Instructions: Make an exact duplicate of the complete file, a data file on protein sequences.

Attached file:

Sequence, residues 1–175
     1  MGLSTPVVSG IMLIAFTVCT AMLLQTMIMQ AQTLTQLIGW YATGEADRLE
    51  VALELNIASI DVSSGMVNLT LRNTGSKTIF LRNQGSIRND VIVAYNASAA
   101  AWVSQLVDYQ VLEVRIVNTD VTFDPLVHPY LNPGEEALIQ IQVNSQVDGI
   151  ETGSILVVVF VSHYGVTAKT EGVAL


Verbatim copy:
Sequence, residues 1–175
     1  MGLSTPVVSG IMLIAFTVCT AMLLQTMIMQ AQTLTQLIGW YATGEADRLE
    51  VALELNIASI DVSSGMVNLT LRNTGSKTIF LRNQGSIRND VIVAYNASAA
   101  AWVSQLVDYQ VLEVRIVNTD VTFDPLVHPY LNPGEEALIQ IQVNSQVDGI
   151  ETGSILVVVF VSHYGVTAKT EGVAL